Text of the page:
Doomscrolling can be a normal reaction to living through uncertain times. It’s natural to want to understand dramatic events unfolding around you and to seek out information when you’re afraid. But becoming absorbed in bad news for too long can be detrimental.
A newly published study has found that people with high levels of problematic news consumption are also more likely to have worse mental and physical health. So what can you do about it? We spoke to Australians in the state of Victoria about their lengthy lockdown experiences and found how they managed to stop doomscrolling. Here are some tips to help you do the same.
Doomscrolling – unhelpful and harmful
“Doomscrolling” describes what happens when someone continues to consume negative news and information online, including on social media. There is increasing evidence that this kind of overconsumption of bad news may have negative impacts.
Research suggests doomscrolling during crises is unhelpful and even harmful. During the early COVID-19 pandemic, consuming a lot of news made people feel overwhelmed. One study found people who consumed more news about the pandemic were also more anxious about it.
Research into earlier crises, like 9/11 and the Boston Marathon bombings, also found that sustained exposure to news about catastrophes is linked to negative mental health outcomes.
Choosing to take control
During the peak of the COVID-19 spread, many found themselves doomscrolling. There was lots of bad news and, for many people, lots more spare time. Several studies, including our own, have found that limiting news exposure helped people to cope.
Melbourne, the state capital of Victoria, experienced some of the longest-running lockdowns in the world. Wanting to know how Victorians were managing their news consumption during this time, we launched a survey and held interviews with people who limited news consumption for their own wellbeing.
We found that many people increased their news consumption when the lockdowns began. However, most of our participants gradually introduced strategies to curb their doomscrolling because they realised it was making them feel anxious or angry, and distracted from daily tasks.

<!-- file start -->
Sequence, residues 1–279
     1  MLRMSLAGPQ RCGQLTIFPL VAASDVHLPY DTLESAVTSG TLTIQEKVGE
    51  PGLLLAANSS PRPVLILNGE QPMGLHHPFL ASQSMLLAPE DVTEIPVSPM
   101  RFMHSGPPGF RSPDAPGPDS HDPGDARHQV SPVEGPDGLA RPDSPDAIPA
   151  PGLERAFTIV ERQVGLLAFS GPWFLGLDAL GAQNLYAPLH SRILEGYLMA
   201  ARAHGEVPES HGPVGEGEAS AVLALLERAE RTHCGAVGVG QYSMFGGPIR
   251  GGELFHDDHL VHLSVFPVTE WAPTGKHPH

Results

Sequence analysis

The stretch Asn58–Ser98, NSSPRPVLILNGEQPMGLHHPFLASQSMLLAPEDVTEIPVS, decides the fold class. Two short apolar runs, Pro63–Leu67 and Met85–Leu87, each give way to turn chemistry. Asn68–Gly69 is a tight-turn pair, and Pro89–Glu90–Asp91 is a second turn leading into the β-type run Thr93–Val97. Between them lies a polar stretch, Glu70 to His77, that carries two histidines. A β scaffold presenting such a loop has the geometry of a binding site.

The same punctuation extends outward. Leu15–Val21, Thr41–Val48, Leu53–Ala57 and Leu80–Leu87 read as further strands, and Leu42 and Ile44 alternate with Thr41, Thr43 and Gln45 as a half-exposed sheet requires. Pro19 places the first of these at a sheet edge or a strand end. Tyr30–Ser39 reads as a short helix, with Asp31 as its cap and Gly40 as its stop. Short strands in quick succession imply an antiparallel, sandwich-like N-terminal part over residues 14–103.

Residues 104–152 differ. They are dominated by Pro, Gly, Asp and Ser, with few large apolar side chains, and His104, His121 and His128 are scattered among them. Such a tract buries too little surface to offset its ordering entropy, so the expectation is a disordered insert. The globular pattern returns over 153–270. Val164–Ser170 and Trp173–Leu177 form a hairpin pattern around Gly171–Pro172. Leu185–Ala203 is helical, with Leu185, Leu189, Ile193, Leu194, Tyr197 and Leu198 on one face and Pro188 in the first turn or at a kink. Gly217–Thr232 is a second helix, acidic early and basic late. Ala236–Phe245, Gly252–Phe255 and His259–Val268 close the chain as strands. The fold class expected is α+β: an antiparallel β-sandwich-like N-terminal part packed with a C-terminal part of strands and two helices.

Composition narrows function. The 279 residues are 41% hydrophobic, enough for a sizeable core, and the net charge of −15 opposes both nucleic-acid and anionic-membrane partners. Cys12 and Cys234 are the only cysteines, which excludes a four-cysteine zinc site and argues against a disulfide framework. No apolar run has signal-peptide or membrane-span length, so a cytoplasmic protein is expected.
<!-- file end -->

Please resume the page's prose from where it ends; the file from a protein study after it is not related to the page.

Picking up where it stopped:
Our research found these news-reduction strategies were highly beneficial. People reported feeling less stressed and found it easier to connect with others. Here are some of their strategies, which you might want to try.
TIP 1. Make a set time to check news
Rather than checking news periodically across the day, set aside a specific time and consider what time of day is going to have the most positive impacts for you.
One participant would check the news while waiting for her morning cup of tea to brew, as this set a time limit on her scrolling. Other participants preferred saving their news engagement for later in the day so that they could start their morning being settled and focused.
TIP 2. Avoid having news ‘pushed’ to you
Coming across news unexpectedly can lure you into a doomscrolling spiral. Several participants managed this by avoiding having news “pushed” to them, allowing them to engage on their own terms instead. Examples included unfollowing news-related accounts on social media or turning off push notifications for news and social media apps.
TIP 3. Add ‘friction’ to break the habit
If you find yourself consuming news in a mindless or habitual way, making it slightly harder to access news can give you an opportunity to pause and think.
One participant moved all her social media and news apps into a folder which she hid on the last page of her smartphone home screen. She told us this strategy helped her significantly reduce doomscrolling. Other participants deleted browser bookmarks that provided shortcuts to news sites, deleted news and social media apps from their phones, and stopped taking their phones into their bedrooms at night.
TIP 4. Talk with others in your household
If you’re trying to manage your news consumption better, tell other people in your household so they can support you. Many of our participants found it hard to limit their consumption when other household members watched, listened to, or talked about a lot of news.
In the best cases, having a discussion helped people come to common agreements, even when one person found the news comforting and another found it upsetting. One couple in our study agreed that one of them would watch the midday news while the other went for a walk, but they’d watch the evening news together.
Staying informed is still important
Crucially, none of these practices involve avoiding news entirely. Staying informed is important, especially in crisis situations where you need to know how to keep safe. Our research shows there are ways of balancing the need to stay informed with the need to protect your wellbeing.
So if your news consumption has become problematic, or you’re in a crisis situation where negative news can become overwhelming, these strategies can help you strike that balance. This is going to remain an important challenge as we continue to navigate an unstable world.
Kate Mannell, Research Fellow in Digital Childhoods , Deakin University and James Meese, Research Fellow, Technology, Communication and Policy Lab, RMIT University
This article is republished from The Conversation under a Creative Commons licence. Read the original article.
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